To bring you some kick-ass ideas for modern color palettes, and not just two of them (“pink and pink“), we asked another APW favorite, Tabitha Abercrombie of Winston & Main, to create some wedding color palettes, and give you inspiration for how to use them. These ten combinations of wedding colors will inspire you. We can’t wait to see how you guys use them.

We’ll break down the color combos in more detail below, but here are 10 super fresh and hip wedding color combos to make magic with.

10 Modern wedding color Combinations

  1. Lavender + Emerald + Lapis Blue
  2. Yellow + Coral + Purple + Cranberry
  3. Ivory + Silver + Green
  4. Blush + Gold + Blue + Navy
  5. Apricot + Sage + Greige + Navy
  6. Mint + Pink + Coral + Magenta
  7. Island Paradise + Niagara + Lapis + Red Plum
  8. Hazelnut + Island Paradise + Lapis + Copper
  9. Greenery + Burgundy + Flame + Dogwood
  10. Rose Quartz + Cotton Candy + Pink Yarrow + Island Paradise

Now let’s dig in.

Wedding Colors In Action

bright 90s color palette

Photos by: With Sol Studio | Ali and Garrett | Energy Muse | Paula Bartosiewicz

1. lavender + emerald + lapis blue = vibrant boho

These vibrant cool colors paired with pops of pink and lavender are the perfect bold and bright bohemian palette for ’90s color lovers. I love the idea of using organic elements like geodes, crystals, and flowers to bring in the bright color for a personal, layered, and eclectic look. The unexpected combination of bright colors and organic elements would pop against a natural setting, perfectly complement a carousel or carnival theme, or breathe a little whimsy into an industrial venue.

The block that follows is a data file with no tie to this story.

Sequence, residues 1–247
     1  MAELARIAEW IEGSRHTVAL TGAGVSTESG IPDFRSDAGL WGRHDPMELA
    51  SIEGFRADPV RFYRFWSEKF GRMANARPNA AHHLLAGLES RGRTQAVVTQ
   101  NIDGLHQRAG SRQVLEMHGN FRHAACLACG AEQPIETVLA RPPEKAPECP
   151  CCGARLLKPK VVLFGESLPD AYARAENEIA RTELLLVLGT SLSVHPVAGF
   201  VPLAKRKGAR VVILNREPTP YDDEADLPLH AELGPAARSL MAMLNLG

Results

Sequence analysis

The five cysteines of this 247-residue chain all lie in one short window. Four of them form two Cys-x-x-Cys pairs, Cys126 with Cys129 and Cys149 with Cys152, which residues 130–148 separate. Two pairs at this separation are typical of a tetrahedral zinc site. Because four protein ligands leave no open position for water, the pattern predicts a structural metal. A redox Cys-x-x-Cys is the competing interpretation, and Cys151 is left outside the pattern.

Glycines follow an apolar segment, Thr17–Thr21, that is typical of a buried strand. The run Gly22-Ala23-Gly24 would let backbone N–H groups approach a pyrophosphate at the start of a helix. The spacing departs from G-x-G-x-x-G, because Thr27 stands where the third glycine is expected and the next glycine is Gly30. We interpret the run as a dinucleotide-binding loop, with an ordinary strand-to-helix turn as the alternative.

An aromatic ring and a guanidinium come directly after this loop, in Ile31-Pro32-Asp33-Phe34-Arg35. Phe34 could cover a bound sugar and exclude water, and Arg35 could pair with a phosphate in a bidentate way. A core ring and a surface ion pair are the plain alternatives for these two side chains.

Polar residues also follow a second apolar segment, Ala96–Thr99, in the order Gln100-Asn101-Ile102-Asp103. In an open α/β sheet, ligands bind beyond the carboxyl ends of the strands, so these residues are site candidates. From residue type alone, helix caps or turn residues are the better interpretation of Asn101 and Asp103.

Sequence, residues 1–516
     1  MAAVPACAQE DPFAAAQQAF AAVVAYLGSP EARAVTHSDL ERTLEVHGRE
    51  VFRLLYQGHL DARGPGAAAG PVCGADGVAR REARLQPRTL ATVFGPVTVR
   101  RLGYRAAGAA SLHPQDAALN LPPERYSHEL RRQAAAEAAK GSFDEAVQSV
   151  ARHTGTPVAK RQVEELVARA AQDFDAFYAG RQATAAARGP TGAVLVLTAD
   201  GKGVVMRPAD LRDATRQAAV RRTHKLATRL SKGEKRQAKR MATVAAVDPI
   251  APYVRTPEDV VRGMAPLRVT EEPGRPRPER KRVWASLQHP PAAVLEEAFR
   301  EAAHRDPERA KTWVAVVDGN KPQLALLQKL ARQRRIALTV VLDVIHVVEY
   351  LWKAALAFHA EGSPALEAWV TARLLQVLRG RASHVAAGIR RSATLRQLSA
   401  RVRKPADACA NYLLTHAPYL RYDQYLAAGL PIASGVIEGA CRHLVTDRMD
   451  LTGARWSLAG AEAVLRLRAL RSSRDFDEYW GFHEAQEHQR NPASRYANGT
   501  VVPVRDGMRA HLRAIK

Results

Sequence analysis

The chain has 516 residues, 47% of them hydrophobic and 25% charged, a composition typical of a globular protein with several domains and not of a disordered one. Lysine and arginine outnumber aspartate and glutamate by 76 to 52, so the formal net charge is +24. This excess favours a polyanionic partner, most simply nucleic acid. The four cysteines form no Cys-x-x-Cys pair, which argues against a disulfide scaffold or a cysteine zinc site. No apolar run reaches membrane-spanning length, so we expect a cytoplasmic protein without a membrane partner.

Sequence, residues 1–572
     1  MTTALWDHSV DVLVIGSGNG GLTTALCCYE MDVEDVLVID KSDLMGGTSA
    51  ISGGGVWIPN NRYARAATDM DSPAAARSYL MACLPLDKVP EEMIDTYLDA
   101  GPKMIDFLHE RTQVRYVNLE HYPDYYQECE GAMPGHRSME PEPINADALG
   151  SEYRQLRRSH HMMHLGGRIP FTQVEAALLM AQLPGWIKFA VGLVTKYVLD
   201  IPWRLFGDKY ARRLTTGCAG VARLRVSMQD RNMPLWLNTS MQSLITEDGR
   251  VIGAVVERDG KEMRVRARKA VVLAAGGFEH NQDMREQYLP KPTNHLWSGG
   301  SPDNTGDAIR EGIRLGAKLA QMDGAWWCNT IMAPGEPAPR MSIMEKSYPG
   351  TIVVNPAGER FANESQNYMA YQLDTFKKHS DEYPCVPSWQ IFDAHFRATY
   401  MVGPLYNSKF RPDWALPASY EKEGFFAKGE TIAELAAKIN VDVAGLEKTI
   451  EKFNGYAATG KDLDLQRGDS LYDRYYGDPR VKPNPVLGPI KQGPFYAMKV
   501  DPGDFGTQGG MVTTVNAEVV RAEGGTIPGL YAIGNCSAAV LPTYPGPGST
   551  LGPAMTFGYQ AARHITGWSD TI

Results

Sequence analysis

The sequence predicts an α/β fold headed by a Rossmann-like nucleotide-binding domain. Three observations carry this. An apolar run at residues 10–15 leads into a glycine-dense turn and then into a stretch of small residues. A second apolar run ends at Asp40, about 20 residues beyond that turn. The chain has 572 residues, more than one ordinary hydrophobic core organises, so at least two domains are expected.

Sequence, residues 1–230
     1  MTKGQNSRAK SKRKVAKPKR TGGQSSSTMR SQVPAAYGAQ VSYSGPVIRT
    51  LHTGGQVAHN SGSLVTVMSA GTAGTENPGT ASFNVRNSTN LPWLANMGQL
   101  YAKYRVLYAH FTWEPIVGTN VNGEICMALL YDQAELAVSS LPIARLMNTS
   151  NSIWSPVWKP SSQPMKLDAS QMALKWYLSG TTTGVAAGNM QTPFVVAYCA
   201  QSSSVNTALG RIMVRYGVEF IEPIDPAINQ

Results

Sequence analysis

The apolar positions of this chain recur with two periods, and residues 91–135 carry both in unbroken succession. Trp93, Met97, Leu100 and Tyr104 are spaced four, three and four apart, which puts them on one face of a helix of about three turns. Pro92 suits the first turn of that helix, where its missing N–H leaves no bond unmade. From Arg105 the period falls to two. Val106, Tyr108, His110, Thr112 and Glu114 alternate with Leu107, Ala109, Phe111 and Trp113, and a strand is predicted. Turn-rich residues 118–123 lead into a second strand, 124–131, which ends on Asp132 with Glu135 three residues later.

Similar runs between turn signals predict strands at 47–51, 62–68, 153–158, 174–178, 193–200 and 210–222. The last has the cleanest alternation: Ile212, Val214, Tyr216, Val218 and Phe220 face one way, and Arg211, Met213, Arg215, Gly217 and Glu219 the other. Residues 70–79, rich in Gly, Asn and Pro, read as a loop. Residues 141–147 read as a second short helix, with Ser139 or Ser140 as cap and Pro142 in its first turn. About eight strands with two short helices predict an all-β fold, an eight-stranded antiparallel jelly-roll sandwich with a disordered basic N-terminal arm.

jewel tone wedding colors palette

Photos by Levi Tijerina | Michelle Edgemont | Sara & Rocky | Cami Jane Photography

2. yellow + coral + purple + cranberry = sunset

Bold jewel tones make for a fun and fiery sunset palette. These saturated colors have more depth than their primary counterparts, creating a happy, warm, and inviting atmosphere. For a traditional or modern look, use jewel tones sparingly and with clean lines, or generously layer them together with more organic shapes for a brilliant bohemian palette. Desert or city, these dynamic colors set the tone for a cheerful party.

nature inspired wedding palette

Photos by Jonas Seaman Photography | A Guy and a Girl Photography | Michelle and Logan | Erin Grace Photography |Alissa Saylor

3. ivory + silver + greenery = fresh nature-inspired

This lush palette is bright, fresh, and nature-inspired. Shades of green, simple ivory blooms, and silver accents add dimension and make this palette endlessly adaptable to your style and budget. So whether you favor tropical greens or the forest floor, you can layer on the organic shapes (and shades) for dimensional decor that brings the outdoors in.

calm color palette

Photos by: The Colagrossis | Kerry Jeanne Photography | Love of Creating | The Amburgeys